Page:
You are recording the temps during daylight. What about night time?

-- I've been blessed with a father who liked to tinker in wood, and a wife who lets me tinker in wood. Southern Delaware soon moving to Virginia †

View FlWoodRat's profile


732 posts in 3906 days

#3 posted 03-13-2008 08:26 AM

Nice concept. The process you are describing involves a simple heat transfer principle of natural ciruclation due to convection. The warmer air is less dense and thus rises. As it cools, it returns to the lower elevation. Have you considered adding a vent to the underside of the eave to allow some of the heated air to escape? This would serve as a thermostat. If you made the opening adjustable, it could be repositioned seasonally. Again, nice work.

-- I love the smell of sawdust in the morning....

View scottb's profile


3648 posts in 4324 days

#4 posted 03-13-2008 03:23 PM

I”m always intrigued by the simple, or rather non mechanical applications for solar heating, and how effective and trouble free they can be – to operate, not necc. build.
Great design & idea.

-- I am always doing what I cannot do yet, in order to learn how to do it. - Van Gogh -- --

View GaryK's profile


10262 posts in 3985 days

#5 posted 03-13-2008 03:25 PM

I never would have thought to make a solar heated bird house. Very interesting.

-- Gary - Never pass up the opportunity to make a mistake look like you planned it that way - Tyler, TX

View Peter Oxley's profile

Peter Oxley

1426 posts in 3871 days

#6 posted 03-13-2008 03:39 PM

I wonder if this could be scaled up and applied to a shop? Have cold air coming off the floor into the solar heater, and warm air coming out if the top of the heater into the shop …

Once, I saw a solar heater that was hundereds of pop-cans stuck through holes in a sheet of ply. The ply and cans were painted black, and the heater was being used to heat a chicken roost.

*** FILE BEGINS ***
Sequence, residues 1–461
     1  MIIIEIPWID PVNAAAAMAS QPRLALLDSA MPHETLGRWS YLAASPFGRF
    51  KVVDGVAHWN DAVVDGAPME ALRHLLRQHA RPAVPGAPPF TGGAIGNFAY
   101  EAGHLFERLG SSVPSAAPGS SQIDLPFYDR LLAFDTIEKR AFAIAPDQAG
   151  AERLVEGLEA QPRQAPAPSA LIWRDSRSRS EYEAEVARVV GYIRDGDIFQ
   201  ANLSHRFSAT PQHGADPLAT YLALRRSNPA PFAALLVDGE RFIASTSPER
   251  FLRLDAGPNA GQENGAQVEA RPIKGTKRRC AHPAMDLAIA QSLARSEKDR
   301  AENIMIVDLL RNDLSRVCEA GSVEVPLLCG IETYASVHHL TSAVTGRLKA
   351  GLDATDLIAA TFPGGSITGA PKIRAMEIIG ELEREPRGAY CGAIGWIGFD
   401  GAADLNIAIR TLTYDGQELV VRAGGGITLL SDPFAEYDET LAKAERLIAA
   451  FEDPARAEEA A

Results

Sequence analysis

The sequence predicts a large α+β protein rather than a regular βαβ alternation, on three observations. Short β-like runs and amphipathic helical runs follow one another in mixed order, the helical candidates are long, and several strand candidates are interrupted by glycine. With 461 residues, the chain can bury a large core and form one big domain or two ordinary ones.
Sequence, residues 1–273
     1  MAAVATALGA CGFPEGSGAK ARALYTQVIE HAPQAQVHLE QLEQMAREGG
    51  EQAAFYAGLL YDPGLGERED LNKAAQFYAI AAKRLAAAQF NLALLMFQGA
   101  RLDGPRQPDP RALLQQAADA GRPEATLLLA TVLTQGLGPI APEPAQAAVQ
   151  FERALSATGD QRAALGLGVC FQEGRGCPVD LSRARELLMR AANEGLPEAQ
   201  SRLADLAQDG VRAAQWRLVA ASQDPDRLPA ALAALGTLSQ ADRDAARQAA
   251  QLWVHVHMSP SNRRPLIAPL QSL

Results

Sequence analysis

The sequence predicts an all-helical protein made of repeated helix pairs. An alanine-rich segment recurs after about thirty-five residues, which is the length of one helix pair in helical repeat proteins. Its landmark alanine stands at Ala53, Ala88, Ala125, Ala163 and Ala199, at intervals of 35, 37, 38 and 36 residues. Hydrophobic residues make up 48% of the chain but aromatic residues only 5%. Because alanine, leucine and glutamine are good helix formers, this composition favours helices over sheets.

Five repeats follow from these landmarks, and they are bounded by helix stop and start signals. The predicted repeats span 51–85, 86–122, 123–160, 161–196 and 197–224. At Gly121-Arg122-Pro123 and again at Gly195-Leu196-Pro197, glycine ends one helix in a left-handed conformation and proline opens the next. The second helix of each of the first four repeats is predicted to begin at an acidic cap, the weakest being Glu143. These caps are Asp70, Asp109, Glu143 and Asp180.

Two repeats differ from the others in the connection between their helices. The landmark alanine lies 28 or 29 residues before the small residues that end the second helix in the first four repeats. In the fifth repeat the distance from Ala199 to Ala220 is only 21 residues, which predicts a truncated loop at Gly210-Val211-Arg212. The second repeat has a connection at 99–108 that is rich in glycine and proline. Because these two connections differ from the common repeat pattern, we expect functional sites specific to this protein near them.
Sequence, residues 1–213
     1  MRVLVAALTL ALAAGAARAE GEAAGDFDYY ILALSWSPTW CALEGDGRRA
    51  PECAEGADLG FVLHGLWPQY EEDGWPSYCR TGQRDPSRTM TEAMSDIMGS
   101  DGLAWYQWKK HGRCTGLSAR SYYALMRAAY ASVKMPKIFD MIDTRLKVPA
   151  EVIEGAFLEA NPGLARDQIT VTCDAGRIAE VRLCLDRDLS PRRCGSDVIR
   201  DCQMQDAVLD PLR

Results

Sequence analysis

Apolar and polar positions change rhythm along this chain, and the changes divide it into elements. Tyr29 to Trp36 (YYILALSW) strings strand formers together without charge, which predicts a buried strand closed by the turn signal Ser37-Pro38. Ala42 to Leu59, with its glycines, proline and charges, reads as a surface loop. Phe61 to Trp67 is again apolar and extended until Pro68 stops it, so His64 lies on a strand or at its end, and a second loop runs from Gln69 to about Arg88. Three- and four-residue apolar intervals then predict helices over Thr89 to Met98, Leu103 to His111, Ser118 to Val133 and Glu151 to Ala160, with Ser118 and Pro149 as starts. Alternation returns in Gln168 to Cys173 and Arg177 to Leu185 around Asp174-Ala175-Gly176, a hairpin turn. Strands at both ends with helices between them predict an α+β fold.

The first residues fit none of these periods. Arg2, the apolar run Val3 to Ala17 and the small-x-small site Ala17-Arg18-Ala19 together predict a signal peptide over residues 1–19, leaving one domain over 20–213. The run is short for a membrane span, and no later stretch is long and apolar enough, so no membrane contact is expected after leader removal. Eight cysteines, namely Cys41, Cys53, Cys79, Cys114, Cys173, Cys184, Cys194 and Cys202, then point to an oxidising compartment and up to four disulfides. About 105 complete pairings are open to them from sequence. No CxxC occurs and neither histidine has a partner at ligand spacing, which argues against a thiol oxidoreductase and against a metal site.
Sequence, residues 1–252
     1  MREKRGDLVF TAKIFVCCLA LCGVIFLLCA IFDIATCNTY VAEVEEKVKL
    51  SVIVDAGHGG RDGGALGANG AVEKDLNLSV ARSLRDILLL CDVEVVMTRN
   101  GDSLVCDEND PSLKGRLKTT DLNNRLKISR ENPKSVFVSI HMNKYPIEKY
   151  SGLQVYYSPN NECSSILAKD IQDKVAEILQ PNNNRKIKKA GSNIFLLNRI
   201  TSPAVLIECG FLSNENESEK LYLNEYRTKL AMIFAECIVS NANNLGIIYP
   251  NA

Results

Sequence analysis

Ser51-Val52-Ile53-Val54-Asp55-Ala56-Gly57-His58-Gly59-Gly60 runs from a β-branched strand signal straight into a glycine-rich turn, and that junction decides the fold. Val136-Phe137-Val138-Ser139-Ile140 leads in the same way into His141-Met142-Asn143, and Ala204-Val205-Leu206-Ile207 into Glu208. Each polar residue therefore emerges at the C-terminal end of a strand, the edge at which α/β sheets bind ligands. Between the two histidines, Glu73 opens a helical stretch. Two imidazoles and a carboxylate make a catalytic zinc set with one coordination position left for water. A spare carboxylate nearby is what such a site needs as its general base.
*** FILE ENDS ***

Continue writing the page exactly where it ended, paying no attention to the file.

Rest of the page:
-- -- --

View Dadoo's profile


1789 posts in 3987 days

#7 posted 03-13-2008 06:57 PM

It can be scaled up to heat the shop. Or something like it anyhow. The unit is gravity fed (heat rises) and the heated air can be fan forced by 12VDC auto fans that run off a 12VDC auto battery, which is recharged by a solar panel. Free heat and electric. I really like anything that’s free. You’ll need to place it on a southern facing wall or roof. Mother Earth News has some great articles on this. It could also heat water to around 140 degrees F. This hot water can be piped thru your flooring (radiant floor heating) and heat your house. Your existing hot water heater would take over at night.

The only drawback is the butt ugly black panels on your house! I’m getting away from woodworking now so I’ll end this note.

Oh! Nice idea Rich but when the summer sun comes you’ll want a roof overhang for shade or you’ll have frikaseed bird! LOL!

Hydrogen is also just around the corner.

-- Bob Vila would be so proud of you!

View cajunpen's profile


14575 posts in 4062 days

#8 posted 03-14-2008 09:32 AM

And I thought I was a good guy by putting out seed and a bath for the birds. Now they get a heated bird house – you are going to be a popular stop for them.

-- Bill - "Suit yourself and let the rest be pleased."

View rikkor's profile


11295 posts in 3871 days

#9 posted 03-14-2008 11:08 AM

That is a real good prototype using the thermosiphon concept. I wanted to do something like that for my bedroom window back in the seventies, but I never pulled it off.